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Healthcare professionals take part in UNMC Rural Emergency Medicine Course

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Posted at 4:13 PM, Apr 19, 2017
and last updated 2017-04-19 17:16:01-04

In the fast paced, ever changing world of medicine continuing education is of utmost importance.  

 

Today more than 50 healthcare professionals from Nebraska and neighboring states are getting a refresher course in life-saving skills thanks to University of Nebraska Medical Center and Children's Hospital.

 

The Rural Emergency Medicine Course is two and a half days of skills labs using mannequins, real people, computer simulators and lightly embalmed cadavers.  

"So, you might have someone that's coming in that was in a car accident. So they'll come to our low critical access hospital," said Dr. Beatrice Taylor of Ainsworth, Nebraska. "So we keep them stable and figure out if it's something we can take care of on our level or if we have to transfer them to a higher level of care." 

In rural areas - the nearest hospital emergency room could be hours away - meaning the first response could be the difference between life and death. 

This week's Rural Emergency Medicine Course gives health care professionals the chance to brush up on skills not commonly needed in a small town setting. These include using rescue airway devices, intubation, EKG interpretations and prepping patients for hospital transport.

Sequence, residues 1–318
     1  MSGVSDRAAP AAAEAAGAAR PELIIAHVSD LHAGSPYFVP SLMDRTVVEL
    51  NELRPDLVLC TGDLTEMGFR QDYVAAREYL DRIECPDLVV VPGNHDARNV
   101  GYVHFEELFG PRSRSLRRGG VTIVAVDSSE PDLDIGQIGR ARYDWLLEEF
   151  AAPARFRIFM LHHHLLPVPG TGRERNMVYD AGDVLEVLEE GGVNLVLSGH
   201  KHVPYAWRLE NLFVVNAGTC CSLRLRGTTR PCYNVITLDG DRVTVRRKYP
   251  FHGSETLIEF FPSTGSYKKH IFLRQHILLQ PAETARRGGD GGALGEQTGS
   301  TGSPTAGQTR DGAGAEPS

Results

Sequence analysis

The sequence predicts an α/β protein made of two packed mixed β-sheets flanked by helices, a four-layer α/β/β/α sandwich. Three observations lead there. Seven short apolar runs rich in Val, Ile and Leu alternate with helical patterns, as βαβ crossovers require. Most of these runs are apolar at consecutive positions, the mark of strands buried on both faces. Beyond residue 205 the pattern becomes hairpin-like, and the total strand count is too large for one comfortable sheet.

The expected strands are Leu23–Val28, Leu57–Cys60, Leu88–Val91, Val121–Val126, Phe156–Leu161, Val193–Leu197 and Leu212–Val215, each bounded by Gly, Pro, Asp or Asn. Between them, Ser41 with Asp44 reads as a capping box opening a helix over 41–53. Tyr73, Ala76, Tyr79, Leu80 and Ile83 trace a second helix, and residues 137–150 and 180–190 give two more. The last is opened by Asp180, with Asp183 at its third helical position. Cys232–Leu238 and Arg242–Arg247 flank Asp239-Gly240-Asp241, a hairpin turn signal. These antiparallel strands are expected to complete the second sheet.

"Just because we're rural doesn't mean we don't want to provide the top notch quality care that we can in whatever setting," said Theresa Lee,  Family Nurse Practitioner in Fairfax, Missouri. 

"They have to make do with different skills and sometimes the things they see in the rural community - they only see occasionally," said Assistant Professor Russell Buzalko, UNMC. 

Experts say continuing education is a must because of rapid advancements in healthcare. 

"One day eggs are good for you, the next day they cause cholesterol problems. Right now, they are good for you," said Dr. Beatrice Taylor. "So, medicine is like that and you want to be up to date on everything."

The course is going strong for ten years now and is offered in April as a collaboration between UNCM and Children's Hospital.